Anthony Watts is busy looking for squirrels in Arizona to distract from all the record high temperatures. He's found another poorly sited weather station (archived here). Without acknowledging that his previous find wasn't used in any dataset, national or global, he is delighted to find that this one is. It's located at the small town of Parker in north-western Arizona near the border of California.
Parker 26250 is included in the GISTemp global data set up until 2007. It is also included in the NOAA USHCN dataset. There are quite a few quality problems with it, as shown at Berkeley Earth. There is missing data, it's very poorly sited, and it's had several replacements of an MMTS sensor.
The issue is not that there are poorly sited weather stations in the data sets. The question is: are they biasing the record?
The answer would be a resounding NO! They are not.
NOAA now uses a lot of data in its official CONUS dataset, nClimDiv, and uses sophisticated algorithms to correct wonky data and present the information on temperature as close as it can. It must be quite good, because there is very little difference between its pristine record of its Climate Reference Network (CRN) and the larger dataset (ClimDiv) as you can see below. I've highlighted where there are the biggest differences and they are miniscule:
|US CRN and US ClimDiv January to December annual data from 2000 to 2015 Source: NOAA|
What about Arizona? Here are some charts of Parker and stations close by, from GISTemp:
Parker only goes to 2007 at GISTemp:
Prescott is 177 km from Parker and goes to the present:
You can look at the others yourself.
NOAA has this chart for north west Arizona:
And it has this chart for the whole state of Arizona:
Berkeley Earth has this chart for all of Arizona:
What seems fairly clear is the this century, the temperature has been warmer in that part of the world.
Anthony Watts has yet to show that his claim that poorly sited weather stations are biasing the record for the USA or anywhere else. Many people have looked into this and have published papers showing they do not bias the record in any substantive way, including Anthony Watts himself. His paper found that while there were differences between maximum and minimum taken separately, there was no significant difference between the mean temperatures, with the differences cancelling out:
The opposite-signed differences in maximum and minimum temperature trends at poorly sited stations compared to well-sited stations were of similar magnitude, so that average temperature trends were statistically indistinguishable across classes. For 30 year trends based on time-of-observation corrections, differences across classes were less than 0.05°C/decade, and the difference between the trend estimated using the full network and the trend estimated using the best-sited stations was less than 0.01°C/decade.
From the WUWT comments
Anthony Watts has successfully dog-whistled his resident conspiracy theorists:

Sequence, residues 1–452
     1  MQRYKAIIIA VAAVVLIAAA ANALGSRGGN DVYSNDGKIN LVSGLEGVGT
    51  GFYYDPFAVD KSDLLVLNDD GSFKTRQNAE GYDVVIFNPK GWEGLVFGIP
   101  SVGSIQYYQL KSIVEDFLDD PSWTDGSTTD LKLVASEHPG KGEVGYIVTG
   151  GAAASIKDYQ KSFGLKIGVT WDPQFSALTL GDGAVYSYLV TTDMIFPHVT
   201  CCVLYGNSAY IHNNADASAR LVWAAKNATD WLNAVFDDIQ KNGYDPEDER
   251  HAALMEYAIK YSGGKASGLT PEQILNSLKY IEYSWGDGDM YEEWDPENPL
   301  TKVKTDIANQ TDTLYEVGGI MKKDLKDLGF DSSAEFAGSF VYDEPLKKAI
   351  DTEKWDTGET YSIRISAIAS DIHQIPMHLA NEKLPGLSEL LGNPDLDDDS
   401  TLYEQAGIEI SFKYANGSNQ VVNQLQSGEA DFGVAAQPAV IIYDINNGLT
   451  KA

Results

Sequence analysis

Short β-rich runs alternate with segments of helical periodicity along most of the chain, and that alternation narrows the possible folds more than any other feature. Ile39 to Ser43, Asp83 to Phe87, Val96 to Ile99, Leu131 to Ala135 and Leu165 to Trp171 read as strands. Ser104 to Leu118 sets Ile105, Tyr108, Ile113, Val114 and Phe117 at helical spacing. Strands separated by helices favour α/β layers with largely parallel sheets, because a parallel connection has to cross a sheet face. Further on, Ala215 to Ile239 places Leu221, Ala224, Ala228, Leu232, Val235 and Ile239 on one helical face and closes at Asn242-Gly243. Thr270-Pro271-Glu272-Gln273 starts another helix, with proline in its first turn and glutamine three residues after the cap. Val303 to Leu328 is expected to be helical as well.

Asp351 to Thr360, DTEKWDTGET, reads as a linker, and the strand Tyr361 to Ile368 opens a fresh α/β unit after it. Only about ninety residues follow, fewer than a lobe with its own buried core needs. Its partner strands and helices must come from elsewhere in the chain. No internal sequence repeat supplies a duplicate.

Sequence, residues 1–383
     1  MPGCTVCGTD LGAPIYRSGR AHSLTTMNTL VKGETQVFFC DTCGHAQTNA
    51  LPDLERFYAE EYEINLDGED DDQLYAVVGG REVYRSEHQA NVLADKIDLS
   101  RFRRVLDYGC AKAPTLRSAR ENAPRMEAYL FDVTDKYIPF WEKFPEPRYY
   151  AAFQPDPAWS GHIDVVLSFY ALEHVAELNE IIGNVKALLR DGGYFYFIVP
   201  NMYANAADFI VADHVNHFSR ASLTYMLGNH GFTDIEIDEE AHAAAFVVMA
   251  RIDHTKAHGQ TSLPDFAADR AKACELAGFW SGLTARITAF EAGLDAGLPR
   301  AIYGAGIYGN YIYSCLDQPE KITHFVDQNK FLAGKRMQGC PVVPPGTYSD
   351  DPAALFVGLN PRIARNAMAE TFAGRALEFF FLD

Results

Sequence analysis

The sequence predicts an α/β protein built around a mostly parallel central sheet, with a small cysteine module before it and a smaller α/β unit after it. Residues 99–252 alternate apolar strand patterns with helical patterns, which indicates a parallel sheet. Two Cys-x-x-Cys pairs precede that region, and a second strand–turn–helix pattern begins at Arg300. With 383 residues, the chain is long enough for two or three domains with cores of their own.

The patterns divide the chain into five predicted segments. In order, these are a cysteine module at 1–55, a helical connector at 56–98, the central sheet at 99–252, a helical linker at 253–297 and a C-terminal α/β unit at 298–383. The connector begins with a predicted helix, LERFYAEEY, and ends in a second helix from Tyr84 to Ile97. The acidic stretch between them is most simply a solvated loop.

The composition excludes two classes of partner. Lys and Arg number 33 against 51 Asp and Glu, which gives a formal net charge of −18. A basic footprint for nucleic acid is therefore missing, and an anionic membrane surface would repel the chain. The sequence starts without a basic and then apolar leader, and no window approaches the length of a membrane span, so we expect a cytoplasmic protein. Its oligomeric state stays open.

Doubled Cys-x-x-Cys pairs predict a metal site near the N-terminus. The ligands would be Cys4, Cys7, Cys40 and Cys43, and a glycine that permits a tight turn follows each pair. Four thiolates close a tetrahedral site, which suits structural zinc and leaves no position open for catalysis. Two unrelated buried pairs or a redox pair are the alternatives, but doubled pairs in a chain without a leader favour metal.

daveandrews723 seems to think that NOAA has "made up" the data reported by the COOP volunteers:
February 19, 2016 at 4:25 pmFJ Shepherd didn't bother reading how Anthony wrote it was poor siting, not UHI effect, that is possibly affecting the Parker weather station. (Parker has a population of around 3000 people.) As the pristine record shows (see up top), it's not UHI effect that's causing the warming.
fascinating and important info. NOAA/NASA have an agenda. It is obvious. They can make the temperatures, past and present, anything they want them to be, and of course the want the past to be cooler than the present. Urban heat islands, be damned. They don’t care. They fill in whatever numbers they thinnk they can get away with to try to support their nonsensical AGW hypothesis…. and to keep the money rolling in. It is all a travesty and a dark period in science.
February 19, 2016 at 5:03 pm
Considering that even with NOAA’s inclusion of recording stations with the UHI effect, the overall temperature of the US is not showing much warming occurring. This is not a good sign.
JohnWho is learning (not French, he's learning climate):
February 19, 2016 at 5:25 pm
Que Stokes explaining that NOAA really doesn’t use that station and Mosher explaining how his “best” algorithm corrects that station to within .01 degree F.
4TimesAYear could be referring to melting ice, hotter heat waves, worse floods etc. Or it could be that like Anthony Watts, he or she just doesn't want to face the bleeding obvious:
February 19, 2016 at 5:45 pm
You know, I don’t think the argument against CAGW is going to be won with equations – there are too many ways to fudge numbers. The argument is going to be won with common sense arguments. Those things that make you reconsider whether the numbers are worth anything to start with. Surface station temps don’t seem to be worth a whole lot (and for even more reasons than presented here). Keep up the great work, Anthony!
References and further reading
Hausfather, Zeke, Kevin Cowtan, Matthew J. Menne, and Claude N. Williams. "Evaluating the impact of US Historical Climatology Network homogenization using the US Climate Reference Network." Geophysical Research Letters (2016). DOI: 10.1002/2015GL067640
- Article about the paper, data and methods, FAQ etc, is on Kevin Cowtan's blog.
Hausfather, Zeke, Matthew J. Menne, Claude N. Williams, Troy Masters, Ronald Broberg, and David Jones. "Quantifying the effect of urbanization on US Historical Climatology Network temperature records." Journal of Geophysical Research: Atmospheres 118, no. 2 (2013): 481-494. DOI: 10.1029/2012JD018509 (open access)
Menne, M. J., C. N. Williams, Jr., and M. A. Palecki (2010), "On the reliability of the U.S. surface temperature record". J. Geophys. Res., 115, D11108, doi:10.1029/2009JD013094. (open access)